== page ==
Historically, courts and the legal profession have been perceived to be behind the times when it comes to the use of technology. Not anymore! Within days of the entry of shelter in place orders in March, our local judges were holding virtual hearings using Zoom and Microsoft Teams. At the time of this article, judges are working to figure out how jury trials can be held when the concern about the health and safety of the public is of paramount importance. The judges have made it clear that the pandemic will not stop the wheels of justice from turning.
Their success is something that all of us—liberal and conservative, democrat and republican—should applaud. And, more important, we should be explaining it to our non-lawyer clients and friends to help them appreciate the extraordinary efforts of Dallas judges to ensure that the halls of justice remain open to those who need them.
Additionally, we can and should do more to defend our judges when they come under attack for deciding difficult cases. After all, the ethical rules governing judges generally prevent them from defending themselves. We must step into the void and respond to unfair attacks on judicial integrity. Lawyers and judges are in this together. If lawyers do not defend the role of the independent judiciary, then who will?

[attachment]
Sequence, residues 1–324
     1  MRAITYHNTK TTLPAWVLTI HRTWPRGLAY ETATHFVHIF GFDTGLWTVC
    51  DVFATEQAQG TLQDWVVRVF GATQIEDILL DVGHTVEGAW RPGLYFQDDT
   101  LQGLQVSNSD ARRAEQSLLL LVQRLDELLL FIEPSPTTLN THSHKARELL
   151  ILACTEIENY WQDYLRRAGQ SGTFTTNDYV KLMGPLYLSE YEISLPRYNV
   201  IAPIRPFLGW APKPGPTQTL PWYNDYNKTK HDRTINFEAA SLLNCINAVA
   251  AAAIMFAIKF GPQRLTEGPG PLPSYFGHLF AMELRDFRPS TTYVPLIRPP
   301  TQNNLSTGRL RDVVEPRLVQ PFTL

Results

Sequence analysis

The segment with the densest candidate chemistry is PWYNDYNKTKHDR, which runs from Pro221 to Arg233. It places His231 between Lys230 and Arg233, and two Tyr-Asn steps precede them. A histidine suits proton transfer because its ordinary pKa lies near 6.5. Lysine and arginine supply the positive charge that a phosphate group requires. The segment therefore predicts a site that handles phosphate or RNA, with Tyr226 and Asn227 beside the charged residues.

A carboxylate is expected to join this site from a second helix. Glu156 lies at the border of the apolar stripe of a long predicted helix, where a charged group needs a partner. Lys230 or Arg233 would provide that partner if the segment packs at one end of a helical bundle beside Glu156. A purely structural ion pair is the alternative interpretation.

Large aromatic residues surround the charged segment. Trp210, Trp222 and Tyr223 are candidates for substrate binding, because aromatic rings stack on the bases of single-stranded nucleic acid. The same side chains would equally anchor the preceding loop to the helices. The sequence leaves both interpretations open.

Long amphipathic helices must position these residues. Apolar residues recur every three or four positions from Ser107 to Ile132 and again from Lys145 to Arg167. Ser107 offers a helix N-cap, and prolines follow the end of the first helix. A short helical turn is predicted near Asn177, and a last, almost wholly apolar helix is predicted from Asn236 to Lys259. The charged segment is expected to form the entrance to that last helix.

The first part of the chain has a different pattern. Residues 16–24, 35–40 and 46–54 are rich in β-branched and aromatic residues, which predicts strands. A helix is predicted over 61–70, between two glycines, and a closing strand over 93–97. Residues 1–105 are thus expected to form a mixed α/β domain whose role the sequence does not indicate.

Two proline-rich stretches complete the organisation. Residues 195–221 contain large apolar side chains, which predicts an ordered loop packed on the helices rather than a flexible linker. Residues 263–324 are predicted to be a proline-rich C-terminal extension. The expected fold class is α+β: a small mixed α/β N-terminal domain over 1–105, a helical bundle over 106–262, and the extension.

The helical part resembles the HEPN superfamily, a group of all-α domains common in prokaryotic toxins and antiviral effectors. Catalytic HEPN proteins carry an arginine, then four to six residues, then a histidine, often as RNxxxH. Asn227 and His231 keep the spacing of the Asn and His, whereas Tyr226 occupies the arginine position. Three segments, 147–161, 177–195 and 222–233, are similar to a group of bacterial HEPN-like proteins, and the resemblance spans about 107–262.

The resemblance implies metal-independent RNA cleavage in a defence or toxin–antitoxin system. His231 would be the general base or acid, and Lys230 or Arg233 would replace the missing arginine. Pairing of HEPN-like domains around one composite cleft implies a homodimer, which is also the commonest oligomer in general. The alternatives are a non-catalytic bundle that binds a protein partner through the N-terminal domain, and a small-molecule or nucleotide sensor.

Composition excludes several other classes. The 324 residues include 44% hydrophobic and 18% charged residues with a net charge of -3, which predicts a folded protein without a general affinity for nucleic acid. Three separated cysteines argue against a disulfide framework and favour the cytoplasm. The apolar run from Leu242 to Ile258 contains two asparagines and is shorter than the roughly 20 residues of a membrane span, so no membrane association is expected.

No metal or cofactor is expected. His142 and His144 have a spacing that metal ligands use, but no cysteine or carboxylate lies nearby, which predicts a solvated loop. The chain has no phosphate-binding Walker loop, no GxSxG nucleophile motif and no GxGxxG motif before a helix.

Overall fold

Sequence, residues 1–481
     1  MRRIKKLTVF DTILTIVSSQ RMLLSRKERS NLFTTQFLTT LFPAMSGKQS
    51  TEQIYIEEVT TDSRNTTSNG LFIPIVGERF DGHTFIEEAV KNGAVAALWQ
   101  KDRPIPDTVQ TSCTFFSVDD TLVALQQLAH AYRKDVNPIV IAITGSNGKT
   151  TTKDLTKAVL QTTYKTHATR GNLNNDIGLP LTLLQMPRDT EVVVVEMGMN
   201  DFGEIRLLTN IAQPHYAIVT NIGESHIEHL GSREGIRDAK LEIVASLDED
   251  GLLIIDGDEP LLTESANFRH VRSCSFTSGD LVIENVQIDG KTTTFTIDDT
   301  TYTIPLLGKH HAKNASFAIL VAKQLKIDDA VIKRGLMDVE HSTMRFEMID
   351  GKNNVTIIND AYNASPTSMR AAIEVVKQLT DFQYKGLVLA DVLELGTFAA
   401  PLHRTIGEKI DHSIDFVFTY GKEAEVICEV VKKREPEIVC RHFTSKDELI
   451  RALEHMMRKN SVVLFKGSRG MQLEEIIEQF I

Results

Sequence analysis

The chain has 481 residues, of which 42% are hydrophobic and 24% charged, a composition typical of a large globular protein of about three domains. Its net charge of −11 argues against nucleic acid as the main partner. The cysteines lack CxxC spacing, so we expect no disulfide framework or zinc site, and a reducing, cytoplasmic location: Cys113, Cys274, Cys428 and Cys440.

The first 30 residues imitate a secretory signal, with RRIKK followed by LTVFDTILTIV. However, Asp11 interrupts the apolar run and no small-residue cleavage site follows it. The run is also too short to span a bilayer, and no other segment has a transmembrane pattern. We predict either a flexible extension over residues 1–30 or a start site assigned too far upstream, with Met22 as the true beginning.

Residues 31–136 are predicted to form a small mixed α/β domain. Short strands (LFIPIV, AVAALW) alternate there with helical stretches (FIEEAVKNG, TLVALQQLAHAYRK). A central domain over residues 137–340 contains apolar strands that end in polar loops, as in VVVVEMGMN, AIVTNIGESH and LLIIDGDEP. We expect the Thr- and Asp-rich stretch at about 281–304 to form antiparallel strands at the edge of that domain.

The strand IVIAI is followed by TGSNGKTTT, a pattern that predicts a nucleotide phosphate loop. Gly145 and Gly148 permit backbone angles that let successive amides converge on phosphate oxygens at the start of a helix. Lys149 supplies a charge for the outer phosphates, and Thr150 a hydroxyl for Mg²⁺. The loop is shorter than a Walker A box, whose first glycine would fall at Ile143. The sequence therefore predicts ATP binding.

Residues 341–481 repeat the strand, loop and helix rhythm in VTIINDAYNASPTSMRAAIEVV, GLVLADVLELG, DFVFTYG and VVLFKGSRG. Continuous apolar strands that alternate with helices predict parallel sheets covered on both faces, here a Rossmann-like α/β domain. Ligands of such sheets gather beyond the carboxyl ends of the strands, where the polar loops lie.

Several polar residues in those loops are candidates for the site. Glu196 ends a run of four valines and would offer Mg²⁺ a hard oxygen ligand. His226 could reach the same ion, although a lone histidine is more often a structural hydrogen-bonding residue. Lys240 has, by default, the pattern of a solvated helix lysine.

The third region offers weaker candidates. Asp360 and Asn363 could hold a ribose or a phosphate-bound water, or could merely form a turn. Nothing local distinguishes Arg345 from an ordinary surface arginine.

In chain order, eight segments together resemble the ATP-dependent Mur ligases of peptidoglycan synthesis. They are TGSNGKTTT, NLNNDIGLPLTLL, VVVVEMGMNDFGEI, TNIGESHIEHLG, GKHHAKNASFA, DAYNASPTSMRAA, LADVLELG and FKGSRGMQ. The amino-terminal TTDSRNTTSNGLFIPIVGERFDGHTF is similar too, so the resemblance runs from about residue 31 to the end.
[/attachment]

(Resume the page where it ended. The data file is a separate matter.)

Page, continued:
At the Dallas Bar Association, part of our mission in part is to serve, support, and promote good relations with the judiciary and to improve the administration of justice. We need to take this mission statement seriously and do what we can to support and defend our judiciary from unfair attacks.
So, what can we do?
First, in responding to judicial decisions, act like a lawyer. If you believe the decision is wrong legally, then explain why you believe it is wrong legally. Don’t chalk it up to personalities, politics, or corruption. Attacks spread like wildfire in this age of social media—particularly in a time of high stress such as with the current pandemic crisis. If our fellow citizens believe that we as lawyers no longer have faith in the integrity of the judiciary, they cannot help but lose faith as well.
Second, respond when people attack a judge unfairly. For me, this comes up most often in the family law context when someone talking to me about their case is convinced the proceeding and the system are rigged and the judge is in on it. All of us as lawyers hear stories from people who have lost their case and blame it on the judge being “in the other side’s pocket.” We need to rebut these perceptions at every turn. I love seeing lawyers defend the judicial process in op-ed articles in the newspaper following an attack on a member of the judiciary. There was no better defense of the independence of the judiciary than the one given by Justice Roberts in late 2018.
Finally, if you are active in social media, be a source of good, reliable, and accurate information—not disinformation. Our fellow citizens look to us, as lawyers, as reliable sources of information about the law. Nothing discourages me more than when I see a member of the legal profession spreading inaccurate information about the legal system on social media for political purposes. Let me share just two examples.
Together, we can make a difference. I wouldn’t have wanted this position if I didn’t love lawyers, judges, and the judicial system. Together, let’s work to ensure the continuing viability and independence of our judiciary.